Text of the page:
When it comes to women in the workplace, you hear a lot about how much progress has been made. Yes, women have made inroads into entry-level jobs and now hold about 50 percent of the positions in America’s workforce. But if you look at top earners in big companies, between 2000 and 2010 the percentage of women rose from 5.6 percent to…wait for it… 5.7 percent! The higher you go up the corporate ladder, the smaller the percentage of women you find.
That was the backdrop against which The Post’s former publisher Katharine Weymouth took the mic Wednesday at Georgetown’s McDonough School of Business as featured speaker for a Washington Women’s Leadership Initiative lunch. The topic was “Leading through Change.” And Weymouth had agreed to speak before she knew about a change in her own career — that she’d be out of the top job this month.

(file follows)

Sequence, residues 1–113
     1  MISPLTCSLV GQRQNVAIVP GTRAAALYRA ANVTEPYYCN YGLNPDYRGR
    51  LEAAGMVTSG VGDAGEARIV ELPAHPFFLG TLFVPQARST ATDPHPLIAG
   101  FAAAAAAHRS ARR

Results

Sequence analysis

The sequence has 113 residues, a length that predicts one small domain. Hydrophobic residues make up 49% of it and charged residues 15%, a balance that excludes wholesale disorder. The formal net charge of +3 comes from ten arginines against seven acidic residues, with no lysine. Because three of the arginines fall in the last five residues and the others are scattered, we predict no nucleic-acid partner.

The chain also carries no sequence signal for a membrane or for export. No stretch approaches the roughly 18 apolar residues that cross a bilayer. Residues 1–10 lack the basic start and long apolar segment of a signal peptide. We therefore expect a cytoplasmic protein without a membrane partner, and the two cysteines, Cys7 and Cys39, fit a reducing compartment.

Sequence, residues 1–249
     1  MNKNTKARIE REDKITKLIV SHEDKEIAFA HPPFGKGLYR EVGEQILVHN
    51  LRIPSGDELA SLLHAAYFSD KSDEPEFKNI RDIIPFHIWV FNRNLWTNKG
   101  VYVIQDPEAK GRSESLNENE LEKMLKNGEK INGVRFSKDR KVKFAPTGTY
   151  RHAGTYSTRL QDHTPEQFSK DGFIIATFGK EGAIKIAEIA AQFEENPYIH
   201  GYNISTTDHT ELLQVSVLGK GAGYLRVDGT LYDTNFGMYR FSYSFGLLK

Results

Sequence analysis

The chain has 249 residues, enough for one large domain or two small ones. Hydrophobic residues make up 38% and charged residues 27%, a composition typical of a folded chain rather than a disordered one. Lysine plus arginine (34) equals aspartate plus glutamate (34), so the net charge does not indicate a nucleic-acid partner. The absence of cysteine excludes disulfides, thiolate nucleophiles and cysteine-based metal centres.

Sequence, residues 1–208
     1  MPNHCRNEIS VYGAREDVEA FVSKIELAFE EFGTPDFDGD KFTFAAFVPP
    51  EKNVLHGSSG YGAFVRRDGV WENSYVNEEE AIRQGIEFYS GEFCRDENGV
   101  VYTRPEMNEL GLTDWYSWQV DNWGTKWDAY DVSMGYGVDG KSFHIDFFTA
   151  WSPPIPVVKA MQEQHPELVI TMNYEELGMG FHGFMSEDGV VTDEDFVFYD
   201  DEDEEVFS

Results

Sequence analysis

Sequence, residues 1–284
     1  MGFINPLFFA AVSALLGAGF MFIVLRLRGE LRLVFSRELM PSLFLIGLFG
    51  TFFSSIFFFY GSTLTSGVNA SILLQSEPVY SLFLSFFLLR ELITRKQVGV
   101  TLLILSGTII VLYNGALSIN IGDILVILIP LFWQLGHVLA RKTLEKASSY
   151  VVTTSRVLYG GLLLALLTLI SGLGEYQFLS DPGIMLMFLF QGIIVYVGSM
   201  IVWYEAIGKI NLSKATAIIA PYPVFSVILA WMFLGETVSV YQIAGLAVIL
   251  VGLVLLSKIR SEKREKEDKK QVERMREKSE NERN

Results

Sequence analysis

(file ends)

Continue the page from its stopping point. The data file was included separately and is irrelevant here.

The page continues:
Weymouth offered the gathering of some 70 lunchers, which included a couple of men, a rundown on the challenges of making money in the quickly evolving digital news business; she gave anecdotes about sharing dating stories over Friday-night TV suppers with her grandmother; provided four lessons in leadership (surround yourself with talent, be decisive, take calculated risks, and be willing not to be liked); and likened new Post owner Jeff Bezos to her own great-grandfather who bought The Post in 1933 and was able to sustain losses (a mere $2 million in 1947!) until he turned the paper into a very profitable business.
As for the change in her own career, Weymouth offered no clue about what’s next.